The Māori Party's Rāhui Kātene has renewed calls for New Zealand to adopt a Financial Transaction Tax (FTT) as the European Union inches towards implementation of one.
"The European Union Executive Board this week approved a proposal that would impose a 0.1% financial transaction tax on all stocks and bonds traded within the EU. This has been estimated to raise up to $55 billion in revenue," Katene said in a media release.
“The Māori Party has long advocated for an FTT. Now is the time to look seriously into the merits of the financial transaction tax approach in New Zealand, and follow the lead of the European Union," Katene said.
Katene said it was a crime the New Zealand Tax Working Group did not explore the possibility of a Financial Transaction Tax when it released its report into the New Zealand tax system last year.
"But the European Union is now setting a precedent that New Zealand should follow,” she said.
“Money speculators, financial lending institutions, stock market traders and the like are not currently taxed on their transactions in New Zealand. This is unfair as every other sector of the New Zealand economy pays its fair share of tax such as the dairy, manufacturing and service sectors. Why not the finance sector?”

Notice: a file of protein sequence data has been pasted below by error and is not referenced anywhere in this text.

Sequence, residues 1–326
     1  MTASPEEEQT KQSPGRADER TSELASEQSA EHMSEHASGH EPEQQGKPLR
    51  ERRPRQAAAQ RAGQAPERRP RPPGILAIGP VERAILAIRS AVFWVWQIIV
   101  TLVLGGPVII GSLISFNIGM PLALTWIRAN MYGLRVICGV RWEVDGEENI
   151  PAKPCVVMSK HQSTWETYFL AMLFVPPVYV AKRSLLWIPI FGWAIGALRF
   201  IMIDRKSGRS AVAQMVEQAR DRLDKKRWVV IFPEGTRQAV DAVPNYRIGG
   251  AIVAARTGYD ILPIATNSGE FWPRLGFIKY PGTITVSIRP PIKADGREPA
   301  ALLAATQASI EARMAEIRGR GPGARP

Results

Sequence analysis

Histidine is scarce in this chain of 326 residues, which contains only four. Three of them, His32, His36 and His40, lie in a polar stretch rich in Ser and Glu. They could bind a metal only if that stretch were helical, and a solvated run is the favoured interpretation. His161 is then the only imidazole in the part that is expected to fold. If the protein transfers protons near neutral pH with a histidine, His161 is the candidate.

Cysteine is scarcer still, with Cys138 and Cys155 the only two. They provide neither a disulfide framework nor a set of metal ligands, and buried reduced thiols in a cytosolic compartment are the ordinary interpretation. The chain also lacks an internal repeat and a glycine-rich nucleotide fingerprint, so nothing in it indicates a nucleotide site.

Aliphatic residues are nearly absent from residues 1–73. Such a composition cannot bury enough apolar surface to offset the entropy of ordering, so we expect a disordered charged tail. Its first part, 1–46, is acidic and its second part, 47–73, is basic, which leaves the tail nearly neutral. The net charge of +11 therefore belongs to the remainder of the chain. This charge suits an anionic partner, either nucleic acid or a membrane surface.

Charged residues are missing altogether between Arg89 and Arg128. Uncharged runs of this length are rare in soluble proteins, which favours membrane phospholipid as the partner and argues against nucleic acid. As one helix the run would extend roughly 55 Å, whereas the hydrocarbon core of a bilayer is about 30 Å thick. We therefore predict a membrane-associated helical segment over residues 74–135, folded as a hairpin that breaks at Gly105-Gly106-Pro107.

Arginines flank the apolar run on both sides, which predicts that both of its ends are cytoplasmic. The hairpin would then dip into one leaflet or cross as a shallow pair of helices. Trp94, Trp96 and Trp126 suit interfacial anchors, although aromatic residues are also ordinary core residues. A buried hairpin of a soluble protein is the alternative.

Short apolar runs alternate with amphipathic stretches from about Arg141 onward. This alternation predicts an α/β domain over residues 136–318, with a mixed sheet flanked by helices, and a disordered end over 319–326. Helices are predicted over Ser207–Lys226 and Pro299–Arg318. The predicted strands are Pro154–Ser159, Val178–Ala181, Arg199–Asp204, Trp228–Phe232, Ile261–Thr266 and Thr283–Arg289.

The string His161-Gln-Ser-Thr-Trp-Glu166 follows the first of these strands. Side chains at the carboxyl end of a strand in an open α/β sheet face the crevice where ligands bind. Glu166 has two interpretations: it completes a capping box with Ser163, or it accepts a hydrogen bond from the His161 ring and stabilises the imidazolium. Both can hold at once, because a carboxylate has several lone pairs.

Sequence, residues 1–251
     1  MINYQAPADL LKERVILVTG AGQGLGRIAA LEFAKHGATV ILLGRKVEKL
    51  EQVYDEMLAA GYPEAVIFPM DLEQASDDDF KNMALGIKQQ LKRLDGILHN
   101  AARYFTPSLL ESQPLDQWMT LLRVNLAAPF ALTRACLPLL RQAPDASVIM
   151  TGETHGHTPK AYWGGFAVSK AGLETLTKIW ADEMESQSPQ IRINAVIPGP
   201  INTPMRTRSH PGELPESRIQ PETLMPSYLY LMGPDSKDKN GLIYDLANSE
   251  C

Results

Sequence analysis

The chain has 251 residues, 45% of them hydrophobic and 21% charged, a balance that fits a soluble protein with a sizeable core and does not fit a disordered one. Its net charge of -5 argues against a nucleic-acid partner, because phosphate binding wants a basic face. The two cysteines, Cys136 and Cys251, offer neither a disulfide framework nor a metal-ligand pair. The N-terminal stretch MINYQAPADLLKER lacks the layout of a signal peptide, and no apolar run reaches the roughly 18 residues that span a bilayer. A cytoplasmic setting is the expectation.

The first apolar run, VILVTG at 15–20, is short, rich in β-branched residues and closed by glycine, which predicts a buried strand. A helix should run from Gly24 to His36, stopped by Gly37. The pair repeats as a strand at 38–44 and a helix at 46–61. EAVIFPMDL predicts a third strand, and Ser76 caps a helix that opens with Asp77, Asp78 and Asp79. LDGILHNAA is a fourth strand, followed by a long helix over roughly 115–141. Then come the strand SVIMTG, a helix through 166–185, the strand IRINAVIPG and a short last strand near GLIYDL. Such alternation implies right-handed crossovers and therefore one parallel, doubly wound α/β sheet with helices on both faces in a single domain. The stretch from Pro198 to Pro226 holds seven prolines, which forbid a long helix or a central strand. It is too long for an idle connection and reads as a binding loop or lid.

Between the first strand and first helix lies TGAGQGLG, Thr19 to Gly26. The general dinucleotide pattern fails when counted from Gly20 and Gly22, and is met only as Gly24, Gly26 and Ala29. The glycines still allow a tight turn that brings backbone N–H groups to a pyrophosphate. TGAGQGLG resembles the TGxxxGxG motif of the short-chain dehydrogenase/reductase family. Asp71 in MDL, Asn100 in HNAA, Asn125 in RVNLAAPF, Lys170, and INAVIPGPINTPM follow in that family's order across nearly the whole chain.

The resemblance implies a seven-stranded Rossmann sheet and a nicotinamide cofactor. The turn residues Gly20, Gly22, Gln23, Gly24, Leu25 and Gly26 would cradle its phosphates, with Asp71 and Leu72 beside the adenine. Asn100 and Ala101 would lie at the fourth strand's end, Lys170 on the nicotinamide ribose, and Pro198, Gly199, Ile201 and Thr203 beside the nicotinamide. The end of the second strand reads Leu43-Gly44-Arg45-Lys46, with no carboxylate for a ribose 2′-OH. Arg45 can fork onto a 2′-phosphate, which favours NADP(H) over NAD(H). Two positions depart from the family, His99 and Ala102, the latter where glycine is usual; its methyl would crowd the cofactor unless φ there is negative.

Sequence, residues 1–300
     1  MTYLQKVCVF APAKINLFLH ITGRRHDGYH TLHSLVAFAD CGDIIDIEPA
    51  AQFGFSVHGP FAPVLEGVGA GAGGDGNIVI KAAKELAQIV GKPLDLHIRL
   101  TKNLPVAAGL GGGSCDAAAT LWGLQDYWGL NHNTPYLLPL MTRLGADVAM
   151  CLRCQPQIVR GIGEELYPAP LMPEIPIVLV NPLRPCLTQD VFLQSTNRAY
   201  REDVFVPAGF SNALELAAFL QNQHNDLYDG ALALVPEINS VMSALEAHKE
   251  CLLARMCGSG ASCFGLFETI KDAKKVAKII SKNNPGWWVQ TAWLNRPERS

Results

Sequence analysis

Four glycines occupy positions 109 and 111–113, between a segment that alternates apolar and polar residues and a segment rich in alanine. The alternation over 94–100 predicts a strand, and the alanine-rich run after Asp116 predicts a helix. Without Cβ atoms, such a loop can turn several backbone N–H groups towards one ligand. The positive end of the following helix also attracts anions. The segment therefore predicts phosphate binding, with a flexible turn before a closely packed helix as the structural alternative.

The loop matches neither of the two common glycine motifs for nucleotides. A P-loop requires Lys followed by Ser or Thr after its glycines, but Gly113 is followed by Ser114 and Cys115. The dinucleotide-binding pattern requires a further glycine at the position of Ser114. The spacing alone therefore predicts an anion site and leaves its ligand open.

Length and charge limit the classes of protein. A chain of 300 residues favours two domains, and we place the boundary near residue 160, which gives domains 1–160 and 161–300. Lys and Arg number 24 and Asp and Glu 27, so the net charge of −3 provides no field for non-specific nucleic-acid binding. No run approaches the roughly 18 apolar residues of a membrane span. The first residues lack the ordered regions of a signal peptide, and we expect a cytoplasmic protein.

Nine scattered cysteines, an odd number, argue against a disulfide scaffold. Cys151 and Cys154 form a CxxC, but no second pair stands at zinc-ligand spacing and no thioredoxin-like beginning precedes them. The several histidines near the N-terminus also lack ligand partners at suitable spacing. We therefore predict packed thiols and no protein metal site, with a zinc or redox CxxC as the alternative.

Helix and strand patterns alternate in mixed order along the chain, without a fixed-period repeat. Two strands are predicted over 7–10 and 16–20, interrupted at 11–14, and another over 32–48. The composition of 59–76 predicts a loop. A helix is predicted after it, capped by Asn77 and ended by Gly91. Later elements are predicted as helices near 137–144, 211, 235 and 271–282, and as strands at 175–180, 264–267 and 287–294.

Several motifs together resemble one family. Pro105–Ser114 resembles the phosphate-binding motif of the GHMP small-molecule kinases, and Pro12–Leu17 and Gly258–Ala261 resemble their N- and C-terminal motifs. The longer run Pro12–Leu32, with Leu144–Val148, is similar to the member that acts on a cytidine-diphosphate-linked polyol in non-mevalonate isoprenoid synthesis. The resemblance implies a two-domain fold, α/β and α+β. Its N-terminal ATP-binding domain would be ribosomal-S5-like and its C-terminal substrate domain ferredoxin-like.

(From Alex Tarrant's August 18 article: PM, Finance Minister bemused by Euro Tobin Tax talk, not in favour of a New Zealand one, but will look at it if all others do)
The idea of a Tobin Tax has done the rounds before in New Zealand. The 2001 McLeod tax review ruled out a Tobin Tax, although the government's 2009 Tax Working Group did not even mention one in its final report to the government
The Green Party supports such a tax if all countries were to implement one, while the Maori Party and Hone Harawira are also in favour. See article: Harawira calls for 1% financial transaction 'Hone Heke' tax to replace GST, make the rich pair their "fair share" of tax.
At a late 2009 Finance and Expenditure Select Committee hearing reviewing the IRD, the Maori Party's Rahui Katene asked Deputy Commissioner Robin Oliver whether the IRD was in favour of a Tobin Tax, to which Oliver replied: